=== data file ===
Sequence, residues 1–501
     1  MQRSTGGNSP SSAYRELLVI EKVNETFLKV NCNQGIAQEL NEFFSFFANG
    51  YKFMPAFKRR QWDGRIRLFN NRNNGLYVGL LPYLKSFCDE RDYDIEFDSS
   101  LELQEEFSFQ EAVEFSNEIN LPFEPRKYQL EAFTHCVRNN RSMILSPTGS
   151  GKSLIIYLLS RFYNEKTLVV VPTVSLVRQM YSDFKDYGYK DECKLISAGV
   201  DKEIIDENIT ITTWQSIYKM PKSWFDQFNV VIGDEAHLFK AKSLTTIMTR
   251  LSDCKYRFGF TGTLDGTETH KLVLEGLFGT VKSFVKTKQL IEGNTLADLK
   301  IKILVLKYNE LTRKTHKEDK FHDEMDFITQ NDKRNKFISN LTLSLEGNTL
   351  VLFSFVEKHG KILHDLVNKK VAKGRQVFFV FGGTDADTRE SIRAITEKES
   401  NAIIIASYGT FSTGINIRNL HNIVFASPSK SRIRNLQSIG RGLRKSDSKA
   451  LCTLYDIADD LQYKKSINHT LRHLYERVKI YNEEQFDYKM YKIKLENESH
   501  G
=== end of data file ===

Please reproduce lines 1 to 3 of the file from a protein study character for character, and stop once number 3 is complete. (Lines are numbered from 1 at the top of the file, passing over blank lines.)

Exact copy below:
Sequence, residues 1–501
     1  MQRSTGGNSP SSAYRELLVI EKVNETFLKV NCNQGIAQEL NEFFSFFANG
    51  YKFMPAFKRR QWDGRIRLFN NRNNGLYVGL LPYLKSFCDE RDYDIEFDSS